[44] First, the contention that “for the District’s judgment to enjoy validity as a setoff, Plaintiffs first had to establish the Section(s) 1988 entitlement itself,” to the extent that it is meant to be responsive to the present challenge to the timeliness of the District’s assertion of setoff, is nonsense. If it were true, no defendant could assert a valid setoff in its answer, for the answer obviously is due before the plaintiff’s claim is adjudicated. Rule 13 plainly requires that a setoff claim, if it is to be asserted, be asserted in a pleading during the lawsuit.

[45] Second, the District’s statement that the District had “not yet acquired” its claim against plaintiffs when the fee application was made, on the premise that the District’s claim was not created until entry of the state-court judgment, evinces a fundamental misconception of the nature of a claim. A claim need not already have been reduced to judgment in order to be asserted as a counterclaim. “Rule 13(a) and Rule 13(b), when read together, embrace any claim a defending party may have against his opponent.” 6 C. Wright, A. Miller M. Kane, Federal Practice and Procedure Section(s) 1420, at 164; see also id. Section(s) 1401, at 11 (at common law, setoff could be based on contract). The District obviously had a contract claim against these plaintiffs that arose upon the parties’ execution of the settlement agreement in which plaintiffs agreed to pay the District $200,000. That agreement was executed on or before September 30, 1994; the Rule 54(d) fee application was filed on October 21. Thus, the District had in fact acquired its contract claim against these

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plaintiffs prior to the filing of the fee application. Further, even if the District were correct that it had no claim until the state-court judgment was entered, that judgment was entered before the District filed its response to the fee application. As the District itself acknowledged to the district court, “when Plaintiffs eventually stipulated to be parties [to the state court action], and subject to the state court judgment, a counterclaim `matured’ which at the option of the District, and permission of the [district] court, could have been presented as a counterclaim by supplemental pleading.” (District’s Postjudgment Motion for Setoff at 12.) Thus, whether on the basis of contract or state-court judgment, the District plainly had the option of seeking to assert its setoff in its response to the Rule 54(d) application. We do not suggest either that the terms of Rule 54(d) itself require the assertion of counterclaims in response to a motion for fees or that the District’s claim here was a compulsory counterclaim. But if the District wished to have its claim set off against any fee award in the present suit, it was required to assert the claim in the present suit prior to the entry of judgment, and its opposition to the Rule 54(d) application was the obvious occasion for such an assertion. Had the District informed the court at that time that it wished to set off the state-court judgment in the present action, the district court would no doubt have allowed the assertion of that claim; we would then have had the opportunity to review the court’s decision as to the propriety of a setoff when the adjudication of the fee application was before us in Valley Disposal II; and this litigation would presumably have been concluded a year ago.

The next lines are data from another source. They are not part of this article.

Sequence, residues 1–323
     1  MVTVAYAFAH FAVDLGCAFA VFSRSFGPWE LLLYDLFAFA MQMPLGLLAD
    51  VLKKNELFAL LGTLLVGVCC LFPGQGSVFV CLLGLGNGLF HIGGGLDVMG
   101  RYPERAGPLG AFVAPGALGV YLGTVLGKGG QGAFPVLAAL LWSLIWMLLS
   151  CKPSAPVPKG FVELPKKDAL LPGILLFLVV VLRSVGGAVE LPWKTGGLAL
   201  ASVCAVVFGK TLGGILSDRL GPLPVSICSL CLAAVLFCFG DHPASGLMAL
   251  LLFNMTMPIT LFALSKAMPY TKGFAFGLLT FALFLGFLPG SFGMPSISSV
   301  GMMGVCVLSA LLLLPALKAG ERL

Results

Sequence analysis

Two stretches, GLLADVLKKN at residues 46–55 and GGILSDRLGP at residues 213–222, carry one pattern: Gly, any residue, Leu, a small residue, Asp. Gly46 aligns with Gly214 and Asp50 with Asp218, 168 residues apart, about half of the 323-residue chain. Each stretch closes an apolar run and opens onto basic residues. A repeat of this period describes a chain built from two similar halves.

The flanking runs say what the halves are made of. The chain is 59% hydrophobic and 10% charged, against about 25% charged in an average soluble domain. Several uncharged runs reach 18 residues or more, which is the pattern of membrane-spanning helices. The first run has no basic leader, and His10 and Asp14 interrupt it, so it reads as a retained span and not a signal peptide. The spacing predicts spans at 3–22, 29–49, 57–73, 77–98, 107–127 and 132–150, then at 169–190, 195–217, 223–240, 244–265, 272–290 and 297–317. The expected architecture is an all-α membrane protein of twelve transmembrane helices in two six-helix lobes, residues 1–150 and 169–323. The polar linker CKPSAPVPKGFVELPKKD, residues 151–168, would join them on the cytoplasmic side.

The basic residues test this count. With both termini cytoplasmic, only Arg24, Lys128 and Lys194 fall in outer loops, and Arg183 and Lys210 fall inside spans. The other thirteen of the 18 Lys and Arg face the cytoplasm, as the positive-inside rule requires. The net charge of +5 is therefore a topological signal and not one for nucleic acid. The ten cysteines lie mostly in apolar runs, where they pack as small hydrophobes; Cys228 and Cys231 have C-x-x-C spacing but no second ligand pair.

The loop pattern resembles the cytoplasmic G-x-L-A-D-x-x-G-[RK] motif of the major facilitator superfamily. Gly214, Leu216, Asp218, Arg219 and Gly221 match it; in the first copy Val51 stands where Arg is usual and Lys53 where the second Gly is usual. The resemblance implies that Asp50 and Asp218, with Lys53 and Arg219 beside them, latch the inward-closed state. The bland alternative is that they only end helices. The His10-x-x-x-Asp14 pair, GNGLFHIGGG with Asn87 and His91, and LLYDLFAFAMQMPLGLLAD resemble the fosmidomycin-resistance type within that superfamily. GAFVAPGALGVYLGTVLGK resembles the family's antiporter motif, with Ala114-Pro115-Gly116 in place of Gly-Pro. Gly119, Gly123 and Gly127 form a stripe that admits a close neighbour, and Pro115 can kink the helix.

[46] Instead, barely a week after the state-court judgment was entered, the District filed its opposition to the fee application in the district court on a variety of untenable grounds, but opted to make no mention whatever of any desire to assert a claim of setoff. Indeed, at no time did the District assert its setoff claim prior to the conclusion of the fee litigation. Although as the district court noted, the claim “could have been raised innumerous times before” final judgment (Tr. 19), the District chose the self-help route of simply refusing to comply with the district court’s judgment.

[47] Having allowed the case to proceed to final judgment without exercising its option to seek permission to assert setoff, the District could have moved to vacate the judgment pursuant to Fed. R. Civ. P. 60(b), in order to seek permission to assert its counterclaim belatedly. But in order to prevail on such a motion, it would have been required to make a showing required by that Rule, such as mistake, inadvertence, or excusable neglect. The District has proffered no reason for its failure to make any attempt to assert setoff until some 16 months after the District concedes it could have asserted it. And the record reveals no basis on which its delay until after plaintiffs attempted to execute on the judgment entered in their favor could be found excusable. In sum, the District was not required by Rule 13 to assert its setoff claim in this action in order to preserve its right to enforce in state court or in some other action the rights it received in the settlement agreement or the state-court judgment. But without pleading setoff prior to the entry of the final judgment in the present action, or without making some showing such as excusable neglect in support of a Rule 60(b) motion, it was not entitled to a setoff here.

[48] CONCLUSION

[49] We have considered all of the District’s arguments in support of its contention that it was entitled simply to refuse to pay the judgment entered against it without having raised its claim of setoff during the litigation, and have found them to be without merit. For the foregoing reasons, we reverse so much of the judgment as allows the District to satisfy its liability for attorneys’ fees by setting off part of its state-court judgment. We remand for entry of a judgment in plaintiffs’ favor in the amount of the $42,974.71 attorneys’ fees already awarded, plus a reasonable attorneys’ fee in connection with the prosecution of this appeal, see Orchano v. Advanced Recovery, Inc., 107 F.3d 94, 101

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(2d Cir. 1997), as determined on remand by the district court. Costs to plaintiffs.